Taking into account the fact that according to the order of magnitude ∼ a 2 , where a is the size of the elementary cell, equation (4.15) shows clearly that in this case Λ < a. In accordance with the definition this takes place at N s ~ 10 14 cm –2 , i.e. at the maximum possible density of the surface electronic states. It should be mentioned that within the framework of the proposed 17

Domain Structure in Ferroelectrics and Related Materials

model, surface screening is linked with the migration of charges along the surface over the distance of the order of the wavelength of the onsetting phase. Evidently, in the conditions of real cooling of the specimen with a finite rate, the migration of the charges over large distances and, therefore, the efficiency of screening at low k are impeded. As the result the state corresponding to the absolute minimum of the thermodynamic potential will most probably be not implicated and the state corresponding to the local minimum will take place (Figs. 1.6 and 1.7). In the presence of a finite but not very strong screening, this state corresponds to the half period of

Fig. 1.6. Behaviour of the dependence α z (k) in the vicinity of the local minimum for ferroelectrics with charges on surface states. 1, 2, 3, 4, 5, 6 – Λ –1 = 1· 108 ; 1.2· 108 ; 1.5· 108 ; 2· 108 ; 3· 108 ; 4· 108 ; Δ = 0.

Fig. 1.7. Dependence of α z (k) in the vicinity of the local minimum at Λ –1 = 4· 108 and various Δ: 1,2,3,4,5,6,7,8 – Δ = 1.5· 10–8 ; 1.3· 10–8 ; 1· 10–8 ; 8· 10–9 ; 6· 10–9 ; 6· 10–9 ; 4· 10–9 ; 0.0.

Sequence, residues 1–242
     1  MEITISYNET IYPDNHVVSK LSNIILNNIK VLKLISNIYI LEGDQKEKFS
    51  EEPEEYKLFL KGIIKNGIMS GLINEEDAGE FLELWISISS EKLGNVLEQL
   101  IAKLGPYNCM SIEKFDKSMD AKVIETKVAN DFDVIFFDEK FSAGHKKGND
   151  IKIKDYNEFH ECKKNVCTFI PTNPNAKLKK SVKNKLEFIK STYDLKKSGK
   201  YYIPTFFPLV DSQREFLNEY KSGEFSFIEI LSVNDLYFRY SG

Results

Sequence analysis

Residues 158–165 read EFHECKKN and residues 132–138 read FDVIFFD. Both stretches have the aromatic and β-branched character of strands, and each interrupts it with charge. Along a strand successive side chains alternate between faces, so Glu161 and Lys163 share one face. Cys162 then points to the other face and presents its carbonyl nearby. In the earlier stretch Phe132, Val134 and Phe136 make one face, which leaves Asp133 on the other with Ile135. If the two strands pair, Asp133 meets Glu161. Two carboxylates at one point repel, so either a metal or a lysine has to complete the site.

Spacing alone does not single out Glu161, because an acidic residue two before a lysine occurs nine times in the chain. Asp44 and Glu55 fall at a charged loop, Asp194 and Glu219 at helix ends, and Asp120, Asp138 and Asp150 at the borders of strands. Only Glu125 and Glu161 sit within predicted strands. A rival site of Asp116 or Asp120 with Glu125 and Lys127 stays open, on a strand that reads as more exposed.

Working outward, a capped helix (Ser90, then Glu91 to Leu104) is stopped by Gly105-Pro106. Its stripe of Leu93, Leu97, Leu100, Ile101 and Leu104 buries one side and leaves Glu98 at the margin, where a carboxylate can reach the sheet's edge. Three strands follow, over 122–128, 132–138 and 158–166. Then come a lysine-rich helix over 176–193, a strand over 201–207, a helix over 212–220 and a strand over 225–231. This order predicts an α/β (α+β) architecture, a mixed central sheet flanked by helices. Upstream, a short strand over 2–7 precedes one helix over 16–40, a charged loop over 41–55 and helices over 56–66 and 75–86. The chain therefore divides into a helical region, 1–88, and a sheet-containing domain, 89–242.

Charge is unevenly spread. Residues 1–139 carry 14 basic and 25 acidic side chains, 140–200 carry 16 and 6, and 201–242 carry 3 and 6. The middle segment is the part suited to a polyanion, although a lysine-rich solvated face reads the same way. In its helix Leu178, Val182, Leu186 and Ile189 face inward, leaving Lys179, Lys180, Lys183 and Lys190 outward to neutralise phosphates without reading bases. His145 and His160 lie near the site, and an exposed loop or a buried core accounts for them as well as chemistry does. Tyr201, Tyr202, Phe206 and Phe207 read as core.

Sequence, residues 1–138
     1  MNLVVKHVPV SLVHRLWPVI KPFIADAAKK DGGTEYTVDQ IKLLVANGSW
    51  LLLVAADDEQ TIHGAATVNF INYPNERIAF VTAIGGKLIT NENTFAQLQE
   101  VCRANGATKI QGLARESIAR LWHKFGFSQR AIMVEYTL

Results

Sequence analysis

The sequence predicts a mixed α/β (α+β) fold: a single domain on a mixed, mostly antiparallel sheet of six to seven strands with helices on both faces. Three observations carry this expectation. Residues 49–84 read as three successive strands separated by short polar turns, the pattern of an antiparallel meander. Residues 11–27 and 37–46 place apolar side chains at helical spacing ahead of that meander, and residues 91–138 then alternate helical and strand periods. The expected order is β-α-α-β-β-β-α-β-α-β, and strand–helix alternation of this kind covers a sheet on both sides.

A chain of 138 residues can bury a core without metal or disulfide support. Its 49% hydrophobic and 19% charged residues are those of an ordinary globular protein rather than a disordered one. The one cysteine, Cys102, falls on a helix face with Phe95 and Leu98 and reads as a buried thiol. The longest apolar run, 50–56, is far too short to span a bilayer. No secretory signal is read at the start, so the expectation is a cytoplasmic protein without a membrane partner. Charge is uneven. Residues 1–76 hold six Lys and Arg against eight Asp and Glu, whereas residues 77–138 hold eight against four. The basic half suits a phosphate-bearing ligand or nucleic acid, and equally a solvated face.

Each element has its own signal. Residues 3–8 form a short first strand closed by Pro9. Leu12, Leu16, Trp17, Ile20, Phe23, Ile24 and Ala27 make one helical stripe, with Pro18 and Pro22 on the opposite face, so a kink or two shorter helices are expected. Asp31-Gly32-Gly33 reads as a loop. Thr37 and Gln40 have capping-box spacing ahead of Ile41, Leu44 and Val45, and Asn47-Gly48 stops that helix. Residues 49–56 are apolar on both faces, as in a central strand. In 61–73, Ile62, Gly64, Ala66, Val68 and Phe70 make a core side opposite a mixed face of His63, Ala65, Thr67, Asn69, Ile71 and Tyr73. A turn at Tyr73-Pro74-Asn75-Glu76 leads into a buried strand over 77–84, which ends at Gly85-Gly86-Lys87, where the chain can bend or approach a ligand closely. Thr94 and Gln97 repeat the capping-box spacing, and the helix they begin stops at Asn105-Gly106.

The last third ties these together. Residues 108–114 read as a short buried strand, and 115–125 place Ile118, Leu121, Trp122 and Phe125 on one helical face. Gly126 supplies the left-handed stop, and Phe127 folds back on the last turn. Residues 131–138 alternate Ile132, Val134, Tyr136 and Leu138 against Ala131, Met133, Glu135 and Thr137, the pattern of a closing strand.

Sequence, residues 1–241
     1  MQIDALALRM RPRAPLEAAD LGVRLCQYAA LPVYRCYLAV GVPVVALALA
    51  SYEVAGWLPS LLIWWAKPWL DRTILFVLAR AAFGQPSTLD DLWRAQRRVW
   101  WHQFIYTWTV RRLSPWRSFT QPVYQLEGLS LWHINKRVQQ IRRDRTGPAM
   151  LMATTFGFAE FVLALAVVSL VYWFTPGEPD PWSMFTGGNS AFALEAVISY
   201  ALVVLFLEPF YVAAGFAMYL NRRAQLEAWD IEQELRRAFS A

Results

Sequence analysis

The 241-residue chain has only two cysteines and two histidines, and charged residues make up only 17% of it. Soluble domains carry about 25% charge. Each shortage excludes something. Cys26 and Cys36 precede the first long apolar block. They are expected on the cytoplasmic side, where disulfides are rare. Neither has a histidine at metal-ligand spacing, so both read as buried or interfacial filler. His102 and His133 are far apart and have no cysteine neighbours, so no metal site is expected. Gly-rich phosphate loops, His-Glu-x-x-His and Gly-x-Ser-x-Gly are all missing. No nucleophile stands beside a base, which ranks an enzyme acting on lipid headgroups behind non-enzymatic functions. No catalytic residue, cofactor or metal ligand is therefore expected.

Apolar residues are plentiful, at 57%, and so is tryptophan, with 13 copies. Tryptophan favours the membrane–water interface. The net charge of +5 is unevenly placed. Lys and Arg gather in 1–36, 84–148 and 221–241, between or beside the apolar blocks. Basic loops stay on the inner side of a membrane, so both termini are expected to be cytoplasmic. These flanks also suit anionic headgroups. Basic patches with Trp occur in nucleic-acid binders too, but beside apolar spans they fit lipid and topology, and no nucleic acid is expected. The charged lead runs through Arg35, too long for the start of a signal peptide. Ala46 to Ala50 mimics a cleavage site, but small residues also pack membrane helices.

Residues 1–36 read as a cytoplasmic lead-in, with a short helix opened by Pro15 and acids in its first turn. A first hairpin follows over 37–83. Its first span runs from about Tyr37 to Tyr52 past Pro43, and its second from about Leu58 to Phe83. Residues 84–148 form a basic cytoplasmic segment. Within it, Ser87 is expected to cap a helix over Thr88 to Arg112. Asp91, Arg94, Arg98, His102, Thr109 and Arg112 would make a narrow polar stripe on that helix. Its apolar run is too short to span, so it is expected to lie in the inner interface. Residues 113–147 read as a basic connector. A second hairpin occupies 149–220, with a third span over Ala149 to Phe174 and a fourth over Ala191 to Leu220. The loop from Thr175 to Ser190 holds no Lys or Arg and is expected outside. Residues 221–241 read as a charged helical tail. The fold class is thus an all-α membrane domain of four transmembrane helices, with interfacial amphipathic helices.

18

1. Formation of a Domain Structure

the heterogenous distribution of polarization 12

⎛ 2π π 32π N s e2 ⎞ − d =π ⎜ ⎟ , (4.19) ⎜ ε ⋅L ΔELε x ⎟⎠ x ⎝ which increases with the increase of the density of surface states. Thus, surface screening also demonstrates a tendency for the increase of the size of the domain structure. In the framework of the model under consideration this tendency should be restricted to the case of at least two domains in the crystal on the basis of the condition of equality to zero of the total charge on the surface states on each of crystal surfaces that are perpendicular to the vector of spontaneous polarization. Analysis of the dependence α z (k) on the basis of the initial ratio (4.5) at various Δ and the fixed value of Λ shows (Fig. 1.7) that the qualitative decrease of Δ is similar to the decrease of Λ, i.e. to the increase of N s . It should be mentioned that to implement the monodomain formation conditions (4.11), it is not essential to deal with a ferroelectric-semiconductor. For this purpose it is sufficient to create the required concentration of carriers during the phase transformation (for example by illuminating a ferroelectric material by the light of required frequency). Surface screening may also be created purposefully, by forming a special structure of defective centres on the surface.